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Interleukin 1 (IL-1) is one of the major proinflammatory cytokines responsible for the regulation of immune and inflammatory response. In this paper we present up-to date information concerning the mechanisms of intracellular signal transduction induced by this cytokine. Interleukin 1 effects on target cells are mediated via membrane receptors. One of them (type I) is responsible for interleukin 1 intracellular signaling, whereas the other (type II) is a natural regulator of the cytokine activity. Interleukin 1 receptors belong to a large superfamily of proteins showing similarities either in intra- or extracellular domains. A group of highly conserved Toll proteins has been distinguished within this superfamily; these proteins play important roles in immune systems of various organisms, from plants to a man. Interaction of interleukin 1 with its type I receptor leads to the association of adaptor proteins with the receptor, and in turn to the formation of receptor complex which initiates signaling pathways. One of the major pathways of intracellular signal transduction of interleukin 1 leads to mobilization of the transcription factor NF-kB. NF-kB is necessary for transcription initiation of almost all genes, which products participate in inflammatory response. Activation of other transcription factors by interleukin 1 is often mediated by protein kinases of MAP kinase family. In spite of recent achievements in clarifying the IL-1 signaling mechanisms, still there is a need for intense research on interactions between distinct signaling pathways and their significance for different activities of interleukin 1.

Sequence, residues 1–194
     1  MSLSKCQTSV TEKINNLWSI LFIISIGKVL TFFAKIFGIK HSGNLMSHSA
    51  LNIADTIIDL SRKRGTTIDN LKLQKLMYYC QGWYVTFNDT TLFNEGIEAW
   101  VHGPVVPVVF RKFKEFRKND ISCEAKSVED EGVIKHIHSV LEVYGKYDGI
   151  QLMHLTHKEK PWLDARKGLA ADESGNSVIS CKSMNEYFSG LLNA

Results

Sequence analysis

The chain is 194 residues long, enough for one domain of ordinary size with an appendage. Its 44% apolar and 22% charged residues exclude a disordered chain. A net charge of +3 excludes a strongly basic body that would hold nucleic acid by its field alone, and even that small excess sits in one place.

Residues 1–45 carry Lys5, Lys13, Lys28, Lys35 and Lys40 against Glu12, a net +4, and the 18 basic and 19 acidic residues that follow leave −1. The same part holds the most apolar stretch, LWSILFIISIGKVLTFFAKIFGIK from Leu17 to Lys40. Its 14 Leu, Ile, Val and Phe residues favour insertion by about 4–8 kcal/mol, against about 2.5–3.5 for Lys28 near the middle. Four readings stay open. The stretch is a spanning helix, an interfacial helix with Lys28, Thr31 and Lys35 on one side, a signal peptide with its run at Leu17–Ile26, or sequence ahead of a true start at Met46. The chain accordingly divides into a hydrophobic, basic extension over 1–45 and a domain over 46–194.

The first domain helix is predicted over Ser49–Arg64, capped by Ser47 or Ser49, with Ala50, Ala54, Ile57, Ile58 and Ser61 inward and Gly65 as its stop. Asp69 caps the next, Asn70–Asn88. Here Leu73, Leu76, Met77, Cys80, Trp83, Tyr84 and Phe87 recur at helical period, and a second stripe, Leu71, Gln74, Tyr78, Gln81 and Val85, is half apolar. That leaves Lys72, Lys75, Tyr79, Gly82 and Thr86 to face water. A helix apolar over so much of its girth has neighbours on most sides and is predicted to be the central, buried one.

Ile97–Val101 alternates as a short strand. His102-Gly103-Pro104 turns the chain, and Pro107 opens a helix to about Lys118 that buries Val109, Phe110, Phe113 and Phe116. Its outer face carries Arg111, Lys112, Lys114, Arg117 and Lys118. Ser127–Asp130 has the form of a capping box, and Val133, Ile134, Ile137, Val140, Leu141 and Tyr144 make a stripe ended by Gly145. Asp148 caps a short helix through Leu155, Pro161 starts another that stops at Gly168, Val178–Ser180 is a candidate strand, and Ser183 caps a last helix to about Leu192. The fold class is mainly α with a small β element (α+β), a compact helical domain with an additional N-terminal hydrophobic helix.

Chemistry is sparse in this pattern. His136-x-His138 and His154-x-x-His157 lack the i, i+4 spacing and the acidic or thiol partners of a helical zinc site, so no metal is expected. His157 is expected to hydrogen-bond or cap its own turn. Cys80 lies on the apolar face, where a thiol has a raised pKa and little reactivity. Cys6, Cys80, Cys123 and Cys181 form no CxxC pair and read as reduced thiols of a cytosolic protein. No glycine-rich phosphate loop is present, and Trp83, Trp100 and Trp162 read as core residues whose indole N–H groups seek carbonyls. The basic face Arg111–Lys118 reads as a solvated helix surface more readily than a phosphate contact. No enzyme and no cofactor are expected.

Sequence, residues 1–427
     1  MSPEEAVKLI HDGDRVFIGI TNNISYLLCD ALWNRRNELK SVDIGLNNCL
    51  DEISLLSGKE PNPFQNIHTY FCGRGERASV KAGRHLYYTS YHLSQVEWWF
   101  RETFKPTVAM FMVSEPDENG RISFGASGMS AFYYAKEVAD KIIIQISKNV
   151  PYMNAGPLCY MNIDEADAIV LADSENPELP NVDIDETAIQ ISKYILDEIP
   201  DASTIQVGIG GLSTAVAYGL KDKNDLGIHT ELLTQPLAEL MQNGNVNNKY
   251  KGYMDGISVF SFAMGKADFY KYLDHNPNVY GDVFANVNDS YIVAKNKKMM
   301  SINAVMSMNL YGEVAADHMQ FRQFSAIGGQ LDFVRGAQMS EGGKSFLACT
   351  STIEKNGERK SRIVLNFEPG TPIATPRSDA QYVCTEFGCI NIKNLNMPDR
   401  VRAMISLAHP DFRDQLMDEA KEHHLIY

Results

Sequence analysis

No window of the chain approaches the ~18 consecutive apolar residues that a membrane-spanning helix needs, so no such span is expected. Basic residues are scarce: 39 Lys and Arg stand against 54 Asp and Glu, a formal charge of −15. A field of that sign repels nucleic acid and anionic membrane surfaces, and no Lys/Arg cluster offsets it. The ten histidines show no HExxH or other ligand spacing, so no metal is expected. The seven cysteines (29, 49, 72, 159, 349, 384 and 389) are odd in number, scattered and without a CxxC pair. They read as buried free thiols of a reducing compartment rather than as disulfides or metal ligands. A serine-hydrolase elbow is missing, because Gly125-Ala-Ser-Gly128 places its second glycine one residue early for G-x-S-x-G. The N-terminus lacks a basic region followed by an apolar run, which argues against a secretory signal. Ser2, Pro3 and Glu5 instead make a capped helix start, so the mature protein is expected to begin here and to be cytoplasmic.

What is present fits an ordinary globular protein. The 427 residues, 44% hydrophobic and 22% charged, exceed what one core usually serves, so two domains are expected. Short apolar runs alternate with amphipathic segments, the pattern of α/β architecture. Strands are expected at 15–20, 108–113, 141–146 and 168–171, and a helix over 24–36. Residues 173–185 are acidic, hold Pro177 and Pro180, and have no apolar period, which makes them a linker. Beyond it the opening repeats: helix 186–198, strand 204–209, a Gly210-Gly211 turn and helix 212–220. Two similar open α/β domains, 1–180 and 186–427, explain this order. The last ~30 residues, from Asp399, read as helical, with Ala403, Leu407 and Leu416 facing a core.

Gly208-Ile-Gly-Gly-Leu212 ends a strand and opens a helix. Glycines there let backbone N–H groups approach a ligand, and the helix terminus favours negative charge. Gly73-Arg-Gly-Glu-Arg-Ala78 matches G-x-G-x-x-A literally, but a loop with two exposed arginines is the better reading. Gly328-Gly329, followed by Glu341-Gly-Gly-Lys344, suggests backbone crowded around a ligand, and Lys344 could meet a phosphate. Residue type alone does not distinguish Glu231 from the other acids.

The Editorial Board
Andrzej Łukaszyk - przewodniczący, Zofia Bielańska-Osuchowska, Szczepan Biliński, Mieczysław Chorąży, Aleksander Koj, Włodzimierz Korochoda, Leszek Kuźnicki, Aleksandra Stojałowska, Lech Wojtczak

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